VESI was a branch of PowerGUI shipped with virtualization PowerPacks and on its own release schedule. This allowed our virtualization team to get ahead in some features which were really important to the virtualization community – such as charts.

However, this also led to duplication of efforts and VESI was falling behind some other features which PowerGUI had. And this made lives of PowerPack developers more difficult because they had 2 (albeit similar) platforms to target.

With 2.3 release of PowerGUI, we have one product which has full functionality of both previous versions of PowerGUI and VESI – and this is our direction going forward. One product (and a set of PowerPacks) to better server all of the IT professional community including virtualization.

Welcome home, VESI! 🙂

Join the VMware Community PowerPack project

Alan Renouf has completely open-sourced one of the most popular virtualization management tools out there – VMware Community PowerPack. This is a free custom add-on (also known as Virtu-Al PowerPack ;)) for PowerGUI/VESI and it has already been downloaded more than 10,000 times!

For all this time, the PowerPack (as actually any PowerGUI pack) has been open source in the sense that you could see the PowerShell code behind it and modify it for your personal needs. What is changing is that now the pack itself becomes a community effort and you can (in fact, in my opinion, should ;)) contribute back to make it better.

Go to the VMware Community PowerPack to join the project!

Virtu-Al PowerPack – A must-have tool for VMware

Left-hand tree from Virtu-Al's VESI/PowerGUI virtualization management toolPowerPack Challenge 2009 got its first contestant and it is absolutely fantastic.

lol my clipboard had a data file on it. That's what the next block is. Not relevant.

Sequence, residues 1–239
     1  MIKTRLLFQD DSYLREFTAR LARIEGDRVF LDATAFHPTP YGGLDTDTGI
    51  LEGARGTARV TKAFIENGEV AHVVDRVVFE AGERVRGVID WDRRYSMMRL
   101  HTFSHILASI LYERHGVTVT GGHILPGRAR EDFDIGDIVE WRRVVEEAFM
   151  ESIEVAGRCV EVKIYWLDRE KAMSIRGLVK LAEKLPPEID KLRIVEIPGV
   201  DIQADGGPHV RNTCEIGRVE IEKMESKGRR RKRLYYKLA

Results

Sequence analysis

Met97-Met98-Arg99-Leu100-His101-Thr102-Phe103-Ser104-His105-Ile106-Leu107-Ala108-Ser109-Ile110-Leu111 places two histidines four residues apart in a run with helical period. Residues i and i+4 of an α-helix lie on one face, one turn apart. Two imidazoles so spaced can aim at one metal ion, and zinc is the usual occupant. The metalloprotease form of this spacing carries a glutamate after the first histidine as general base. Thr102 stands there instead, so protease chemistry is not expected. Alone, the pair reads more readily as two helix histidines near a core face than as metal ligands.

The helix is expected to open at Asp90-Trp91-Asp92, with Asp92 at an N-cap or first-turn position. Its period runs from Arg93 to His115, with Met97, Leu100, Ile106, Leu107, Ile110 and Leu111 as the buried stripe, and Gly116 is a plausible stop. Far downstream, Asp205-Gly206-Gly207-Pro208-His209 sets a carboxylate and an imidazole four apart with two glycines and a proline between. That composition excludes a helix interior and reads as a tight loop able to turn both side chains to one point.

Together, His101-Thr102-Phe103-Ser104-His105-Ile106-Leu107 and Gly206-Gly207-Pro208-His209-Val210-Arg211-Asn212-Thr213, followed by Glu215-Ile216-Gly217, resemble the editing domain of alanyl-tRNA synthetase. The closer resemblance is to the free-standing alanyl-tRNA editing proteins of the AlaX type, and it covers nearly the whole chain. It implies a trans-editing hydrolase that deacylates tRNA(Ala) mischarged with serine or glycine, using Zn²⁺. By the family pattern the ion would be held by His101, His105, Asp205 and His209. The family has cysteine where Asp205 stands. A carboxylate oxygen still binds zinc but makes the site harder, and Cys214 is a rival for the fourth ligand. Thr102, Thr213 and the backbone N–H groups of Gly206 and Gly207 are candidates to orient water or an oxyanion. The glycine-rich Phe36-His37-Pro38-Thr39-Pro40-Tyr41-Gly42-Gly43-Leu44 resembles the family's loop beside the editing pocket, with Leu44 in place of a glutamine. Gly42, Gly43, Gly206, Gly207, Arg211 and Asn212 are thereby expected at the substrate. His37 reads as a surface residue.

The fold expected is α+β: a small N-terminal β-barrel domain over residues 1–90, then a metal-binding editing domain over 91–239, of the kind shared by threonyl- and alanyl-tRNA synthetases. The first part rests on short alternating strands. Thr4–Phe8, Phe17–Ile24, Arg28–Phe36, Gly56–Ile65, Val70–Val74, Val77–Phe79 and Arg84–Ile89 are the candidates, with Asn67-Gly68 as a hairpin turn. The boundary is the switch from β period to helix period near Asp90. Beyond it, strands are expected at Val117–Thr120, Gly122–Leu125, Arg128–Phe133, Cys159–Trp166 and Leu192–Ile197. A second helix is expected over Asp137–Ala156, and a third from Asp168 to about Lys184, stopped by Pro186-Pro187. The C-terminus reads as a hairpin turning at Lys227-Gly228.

If you are an administrator managing VMware infrastructure – this is a great free addition to your arsenal. Just look at the screenshot of the navigation tree. The tool is just an amazing collection of super-useful reports on VMware hosts, guest machines, datacenter, resource pools and clusters, and goes beyond that by adding licensing information and even a virtualization tip of the day!

You can download Alan’s PowerPack here. Read more about the pack and send your feedback here.

Good thing there’s more than one prize for the contest. 😉 So if you are into PowerShell and have a great idea of a tool to make someone’s life easier – go for it – create your PowerPack and submit it to the contest!

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The posts on this blog are provided “as is” with no warranties and confer no rights. The opinions expressed on this site are mine and mine alone, and do not necessarily represent those of my employer - WSO2 or anyone else for that matter. All trademarks acknowledged.

© 2007-2014 Dmitry Sotnikov